The remains are part of a Tupolev Tu-2 that broke up during a storm in 1950.
Russian Bomber Wreck Found On Remote Island
Searchers have found the remains of a Russian bomber that were scattered on the ground for decades. The World War II-era craft was discovered on a remote island 70 years after it vanished midflight during a storm in 1950.
The wreck was found after two years of fieldwork by the AviaPoisk search association and representatives of the Russian Ministry of Defense. They determined that the crash site was on Russia’s largest island, Sakhalin, the northernmost island of the Japanese archipelago. It is administered as part of Sakhalin Oblast.
The AviaPoisk search group, founded in 2007, is an association of people interested in the military history of Primorsky Territory and in particular of aviation history. They revealed details of the discovery on Instagram after finding the wreckage of the Tu-2 bomber.
The Tupolev Tu-2 that crashed was a twin-engine Soviet plane with a maximum speed of 245 mph that saw a lot of action during World War II. The model was designed to be either a fast bomber or a dive-bomber capable of carrying a large bomb load at a speed similar to that of a single-seat fighter. It was designed to challenge the German Junkers Ju 88.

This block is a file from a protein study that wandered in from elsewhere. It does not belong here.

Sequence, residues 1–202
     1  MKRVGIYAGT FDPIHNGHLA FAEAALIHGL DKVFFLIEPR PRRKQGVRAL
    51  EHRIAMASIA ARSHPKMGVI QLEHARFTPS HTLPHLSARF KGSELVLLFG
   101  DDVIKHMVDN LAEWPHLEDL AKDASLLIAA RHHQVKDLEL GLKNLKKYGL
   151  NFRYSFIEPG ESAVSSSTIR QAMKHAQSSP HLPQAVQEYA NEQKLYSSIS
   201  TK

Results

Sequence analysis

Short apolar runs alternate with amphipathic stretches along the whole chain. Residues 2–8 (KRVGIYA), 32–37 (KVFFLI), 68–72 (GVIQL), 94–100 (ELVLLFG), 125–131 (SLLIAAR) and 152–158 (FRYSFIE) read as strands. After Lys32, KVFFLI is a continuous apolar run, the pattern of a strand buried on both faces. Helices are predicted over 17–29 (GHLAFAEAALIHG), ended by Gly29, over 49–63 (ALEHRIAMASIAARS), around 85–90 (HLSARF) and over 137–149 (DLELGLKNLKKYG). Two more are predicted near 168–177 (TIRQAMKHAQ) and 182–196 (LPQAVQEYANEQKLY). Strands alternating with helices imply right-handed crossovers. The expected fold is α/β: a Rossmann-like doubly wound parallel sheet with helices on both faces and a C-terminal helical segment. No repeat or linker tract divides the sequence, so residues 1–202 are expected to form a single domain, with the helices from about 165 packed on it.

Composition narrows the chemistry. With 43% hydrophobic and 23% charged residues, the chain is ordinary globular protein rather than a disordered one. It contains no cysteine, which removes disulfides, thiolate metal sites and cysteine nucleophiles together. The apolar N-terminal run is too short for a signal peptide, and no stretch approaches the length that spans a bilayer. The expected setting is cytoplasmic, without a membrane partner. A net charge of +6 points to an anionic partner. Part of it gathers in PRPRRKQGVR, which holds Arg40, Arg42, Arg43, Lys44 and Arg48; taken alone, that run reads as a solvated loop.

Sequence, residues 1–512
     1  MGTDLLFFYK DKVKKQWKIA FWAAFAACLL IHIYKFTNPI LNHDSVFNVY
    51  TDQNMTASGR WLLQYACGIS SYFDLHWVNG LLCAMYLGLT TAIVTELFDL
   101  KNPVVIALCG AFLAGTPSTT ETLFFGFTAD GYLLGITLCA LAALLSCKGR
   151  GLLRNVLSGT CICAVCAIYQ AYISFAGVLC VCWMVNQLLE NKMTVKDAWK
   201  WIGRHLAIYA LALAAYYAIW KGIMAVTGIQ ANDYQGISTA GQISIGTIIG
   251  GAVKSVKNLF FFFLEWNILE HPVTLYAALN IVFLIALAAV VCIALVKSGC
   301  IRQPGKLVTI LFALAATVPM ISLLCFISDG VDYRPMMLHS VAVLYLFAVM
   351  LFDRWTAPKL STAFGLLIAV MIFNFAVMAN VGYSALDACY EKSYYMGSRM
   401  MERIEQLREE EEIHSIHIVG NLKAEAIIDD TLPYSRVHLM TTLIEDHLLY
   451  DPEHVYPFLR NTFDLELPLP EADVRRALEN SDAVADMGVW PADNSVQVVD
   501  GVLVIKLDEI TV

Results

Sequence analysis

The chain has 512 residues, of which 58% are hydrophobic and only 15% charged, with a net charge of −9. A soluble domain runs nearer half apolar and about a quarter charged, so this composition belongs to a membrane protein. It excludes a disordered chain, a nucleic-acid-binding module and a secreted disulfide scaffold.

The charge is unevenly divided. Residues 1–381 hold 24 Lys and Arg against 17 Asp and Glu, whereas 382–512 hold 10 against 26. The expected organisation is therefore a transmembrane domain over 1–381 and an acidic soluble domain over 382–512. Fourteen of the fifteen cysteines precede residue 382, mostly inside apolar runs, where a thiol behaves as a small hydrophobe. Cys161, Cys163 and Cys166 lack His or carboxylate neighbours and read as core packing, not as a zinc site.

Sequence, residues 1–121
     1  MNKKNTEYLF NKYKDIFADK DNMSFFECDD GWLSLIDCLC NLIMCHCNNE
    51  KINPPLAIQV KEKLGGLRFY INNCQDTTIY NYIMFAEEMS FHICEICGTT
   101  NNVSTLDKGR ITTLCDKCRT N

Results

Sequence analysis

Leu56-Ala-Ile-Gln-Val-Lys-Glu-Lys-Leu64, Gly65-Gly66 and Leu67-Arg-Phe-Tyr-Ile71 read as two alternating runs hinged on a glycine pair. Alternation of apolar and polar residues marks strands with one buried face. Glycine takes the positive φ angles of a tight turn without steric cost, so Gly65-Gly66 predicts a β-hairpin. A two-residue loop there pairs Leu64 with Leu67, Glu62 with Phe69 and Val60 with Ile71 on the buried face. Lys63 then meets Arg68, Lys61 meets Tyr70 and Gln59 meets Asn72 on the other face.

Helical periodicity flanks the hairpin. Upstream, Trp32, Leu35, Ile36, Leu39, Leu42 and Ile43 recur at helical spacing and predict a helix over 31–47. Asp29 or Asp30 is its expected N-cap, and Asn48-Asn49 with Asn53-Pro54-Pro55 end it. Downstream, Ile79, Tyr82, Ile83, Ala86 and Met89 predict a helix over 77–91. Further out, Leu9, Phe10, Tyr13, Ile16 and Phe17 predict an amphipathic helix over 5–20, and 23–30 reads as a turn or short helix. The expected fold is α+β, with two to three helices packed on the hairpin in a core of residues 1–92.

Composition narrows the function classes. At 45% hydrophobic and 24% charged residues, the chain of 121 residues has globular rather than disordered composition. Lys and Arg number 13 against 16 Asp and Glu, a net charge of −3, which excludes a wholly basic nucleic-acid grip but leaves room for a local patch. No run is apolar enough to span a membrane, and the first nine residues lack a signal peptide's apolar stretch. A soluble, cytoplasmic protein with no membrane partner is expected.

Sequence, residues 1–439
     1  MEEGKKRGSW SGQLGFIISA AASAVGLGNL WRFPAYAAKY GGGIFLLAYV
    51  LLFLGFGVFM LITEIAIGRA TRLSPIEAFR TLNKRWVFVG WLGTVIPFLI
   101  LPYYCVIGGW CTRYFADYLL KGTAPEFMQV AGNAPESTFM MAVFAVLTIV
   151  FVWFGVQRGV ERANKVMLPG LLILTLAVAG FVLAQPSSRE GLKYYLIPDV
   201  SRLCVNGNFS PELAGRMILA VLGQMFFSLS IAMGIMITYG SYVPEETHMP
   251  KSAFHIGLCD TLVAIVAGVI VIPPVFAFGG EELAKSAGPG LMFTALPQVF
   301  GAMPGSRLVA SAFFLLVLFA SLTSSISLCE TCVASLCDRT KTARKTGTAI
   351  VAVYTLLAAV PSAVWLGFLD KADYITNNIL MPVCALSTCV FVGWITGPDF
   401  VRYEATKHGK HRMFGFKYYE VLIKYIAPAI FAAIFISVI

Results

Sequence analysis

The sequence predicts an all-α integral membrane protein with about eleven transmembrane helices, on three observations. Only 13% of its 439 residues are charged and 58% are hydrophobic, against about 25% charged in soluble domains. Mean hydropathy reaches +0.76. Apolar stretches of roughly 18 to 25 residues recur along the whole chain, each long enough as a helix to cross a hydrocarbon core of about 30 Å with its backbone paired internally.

The Tu-2 was regarded as one of the top performers during World War II and played a crucial role in the Red Army’s final offensives.
The recently discovered plane crashed several years after the end the war, on Sept. 26, 1950. At the time it was part of the 327th Bomber Aviation Regiment of the Third Air Force of Long-Range Aviation. The crew consisted of a pilot, a navigator and two air gunner-radio operators; all are believed to have perished in the crash.
The crew went into thick storm clouds at 11:53 a.m., the last time a message was received from the team, and communication was then lost.
Field reconnaissance teams said the plane broke up in midair, probably as a result of severe turbulence as evidenced by the parts lying at great distances from each other and traces of deformation.
The fuselage, tail and both engines ended up in a swamp; the cockpit was embedded in the soft ground.
Local authorities are arranging for the fuselage to be lifted from the swamp and have set up a field camp as work gets underway. It was not immediately known where the remains of the plane will be taken.
Edited by Judith Isacoff and Matthew B. Hall